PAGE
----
We limit our analysis to the alleged deprivation of life by appellants. We note that Souza did not specifically allege a liberty-deprivation claim under Paul v. Davis, 424 U.S. 693, 96 S.Ct. 1155, 47 L.Ed.2d 405 (1976) (state action damaging reputation plus other tangible loss may constitute cognizable deprivation of liberty interest) and its progeny. However, even if she had, because the complaint contains no allegation that appellants' statements to the press were false, a damage-to-reputation claim must fail. See, e.g., Powers v. Coe, 728 F.2d 97, 105 (2d Cir. 1984).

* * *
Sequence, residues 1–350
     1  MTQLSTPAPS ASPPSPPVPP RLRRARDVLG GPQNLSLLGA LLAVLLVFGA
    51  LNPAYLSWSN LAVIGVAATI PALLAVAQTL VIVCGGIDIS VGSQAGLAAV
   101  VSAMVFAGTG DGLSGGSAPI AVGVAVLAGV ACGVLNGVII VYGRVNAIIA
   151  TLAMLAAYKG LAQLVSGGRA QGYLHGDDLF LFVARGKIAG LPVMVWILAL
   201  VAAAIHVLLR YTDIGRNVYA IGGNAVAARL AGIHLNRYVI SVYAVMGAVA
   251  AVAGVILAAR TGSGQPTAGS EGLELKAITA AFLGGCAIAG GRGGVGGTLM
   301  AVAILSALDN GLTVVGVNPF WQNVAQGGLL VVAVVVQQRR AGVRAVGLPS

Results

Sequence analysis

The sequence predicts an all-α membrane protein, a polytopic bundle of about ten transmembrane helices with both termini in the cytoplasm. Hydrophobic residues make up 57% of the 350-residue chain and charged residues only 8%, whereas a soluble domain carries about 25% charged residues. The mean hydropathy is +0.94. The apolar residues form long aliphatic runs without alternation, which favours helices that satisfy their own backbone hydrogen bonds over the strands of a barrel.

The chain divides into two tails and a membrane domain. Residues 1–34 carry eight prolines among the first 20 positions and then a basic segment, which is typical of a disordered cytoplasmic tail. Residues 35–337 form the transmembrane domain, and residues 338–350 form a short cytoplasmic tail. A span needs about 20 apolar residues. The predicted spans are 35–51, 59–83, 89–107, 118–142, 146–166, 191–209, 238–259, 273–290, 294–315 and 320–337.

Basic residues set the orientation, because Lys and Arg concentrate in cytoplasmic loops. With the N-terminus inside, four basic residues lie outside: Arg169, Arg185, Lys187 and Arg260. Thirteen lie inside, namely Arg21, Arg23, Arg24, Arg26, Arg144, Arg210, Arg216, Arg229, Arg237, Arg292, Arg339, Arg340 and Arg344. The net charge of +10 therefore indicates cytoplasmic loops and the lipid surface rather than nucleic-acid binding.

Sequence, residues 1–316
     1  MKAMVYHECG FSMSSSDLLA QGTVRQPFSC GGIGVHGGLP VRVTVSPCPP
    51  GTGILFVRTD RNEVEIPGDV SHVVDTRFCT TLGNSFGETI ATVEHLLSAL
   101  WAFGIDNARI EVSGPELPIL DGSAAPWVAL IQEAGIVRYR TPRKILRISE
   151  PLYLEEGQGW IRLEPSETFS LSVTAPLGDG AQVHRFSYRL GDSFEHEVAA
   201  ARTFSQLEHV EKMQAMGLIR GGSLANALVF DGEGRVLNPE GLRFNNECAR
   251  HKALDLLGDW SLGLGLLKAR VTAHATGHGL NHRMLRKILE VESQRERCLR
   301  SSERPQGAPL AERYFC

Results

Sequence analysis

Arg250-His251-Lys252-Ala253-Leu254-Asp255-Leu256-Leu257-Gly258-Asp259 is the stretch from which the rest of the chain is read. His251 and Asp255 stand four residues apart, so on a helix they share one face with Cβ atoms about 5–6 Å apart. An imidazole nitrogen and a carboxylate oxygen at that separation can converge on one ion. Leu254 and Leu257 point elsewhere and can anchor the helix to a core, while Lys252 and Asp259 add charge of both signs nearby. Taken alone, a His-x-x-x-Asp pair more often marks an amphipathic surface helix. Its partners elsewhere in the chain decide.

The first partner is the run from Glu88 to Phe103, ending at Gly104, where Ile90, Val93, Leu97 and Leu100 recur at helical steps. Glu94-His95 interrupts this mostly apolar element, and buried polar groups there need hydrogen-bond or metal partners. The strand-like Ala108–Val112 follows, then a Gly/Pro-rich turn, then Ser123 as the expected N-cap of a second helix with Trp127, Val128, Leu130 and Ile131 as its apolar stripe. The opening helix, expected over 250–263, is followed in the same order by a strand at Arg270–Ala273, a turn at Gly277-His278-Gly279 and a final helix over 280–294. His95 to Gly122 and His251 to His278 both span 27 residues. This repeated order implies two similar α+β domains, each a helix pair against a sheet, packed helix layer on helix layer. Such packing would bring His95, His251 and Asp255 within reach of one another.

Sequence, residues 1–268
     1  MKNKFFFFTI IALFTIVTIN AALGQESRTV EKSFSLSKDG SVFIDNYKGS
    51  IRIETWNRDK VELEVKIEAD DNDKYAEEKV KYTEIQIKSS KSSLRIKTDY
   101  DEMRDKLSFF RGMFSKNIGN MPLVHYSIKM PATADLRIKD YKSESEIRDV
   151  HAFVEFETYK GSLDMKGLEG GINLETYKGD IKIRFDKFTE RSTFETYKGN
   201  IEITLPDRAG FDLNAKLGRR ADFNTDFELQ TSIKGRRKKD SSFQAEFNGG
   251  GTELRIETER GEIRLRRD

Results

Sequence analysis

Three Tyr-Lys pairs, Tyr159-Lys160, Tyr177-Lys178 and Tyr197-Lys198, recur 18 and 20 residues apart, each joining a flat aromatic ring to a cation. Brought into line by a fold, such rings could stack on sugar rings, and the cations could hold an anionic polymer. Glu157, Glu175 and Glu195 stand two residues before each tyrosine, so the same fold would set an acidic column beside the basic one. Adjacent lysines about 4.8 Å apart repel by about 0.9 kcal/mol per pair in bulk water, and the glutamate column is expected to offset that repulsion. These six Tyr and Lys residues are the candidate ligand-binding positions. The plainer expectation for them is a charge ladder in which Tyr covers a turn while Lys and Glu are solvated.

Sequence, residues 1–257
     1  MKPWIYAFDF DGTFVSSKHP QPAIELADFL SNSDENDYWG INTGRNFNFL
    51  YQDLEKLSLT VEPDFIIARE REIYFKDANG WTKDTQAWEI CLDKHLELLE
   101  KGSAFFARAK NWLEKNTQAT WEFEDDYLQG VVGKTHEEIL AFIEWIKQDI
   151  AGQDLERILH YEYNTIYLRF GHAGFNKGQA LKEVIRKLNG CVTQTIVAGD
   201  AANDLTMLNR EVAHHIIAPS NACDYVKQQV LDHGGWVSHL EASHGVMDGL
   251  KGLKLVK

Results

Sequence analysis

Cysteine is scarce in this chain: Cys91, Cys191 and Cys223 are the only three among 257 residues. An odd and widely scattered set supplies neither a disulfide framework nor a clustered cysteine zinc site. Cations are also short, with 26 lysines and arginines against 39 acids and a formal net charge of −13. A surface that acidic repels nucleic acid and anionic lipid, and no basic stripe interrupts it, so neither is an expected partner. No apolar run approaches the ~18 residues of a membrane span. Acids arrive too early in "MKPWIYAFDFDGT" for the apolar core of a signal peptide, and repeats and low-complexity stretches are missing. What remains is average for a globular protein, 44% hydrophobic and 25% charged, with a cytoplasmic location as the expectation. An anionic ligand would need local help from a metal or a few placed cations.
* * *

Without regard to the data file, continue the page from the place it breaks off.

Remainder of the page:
There is a constitutional right not to be deprived of life without due process of law. Thus, a state actor cannot murder a citizen. See, e.g., Estate of Gilmore v. Buckley, 787 F.2d 714, 720 (1st Cir.) (citing Bowers v. DeVito, 686 F.2d 616, 618 (7th Cir. 1982)), cert. denied, 479 U.S. 882, 107 S.Ct. 270, 93 L.Ed.2d 247 (1986). Critically, however, Souza's complaint alleges no such direct state action. Instead, Souza alleges that because of appellants' statements to the press, Degrazia took his own life. Souza does not allege that the state actors did anything to harm Degrazia directly, nor does she allege that appellants in any way impeded Degrazia's ability either to seek treatment or otherwise avoid his injury. Simply stated, under the circumstances alleged here, there was no existing authority under which appellants could have been reasonably aware that statements made with the knowledge that Degrazia would take his own life would violate a clearly established right. Cf. Martinez v. California, 444 U.S. 277, 284-85, 100 S.Ct. 553, 558-59, 62 L.Ed.2d 481 (1980) (no constitutional deprivation of life when parole board releases parolee who commits murder five months later regardless of whether parole board's actions proximately caused murder under state law); see also Estate of Gilmore, 787 F.2d at 719 ("The [F]ourteenth [A]mendment . . . does not protect against the deprivation of life by any person at all, but only against the deprivation of life by the state without due process.").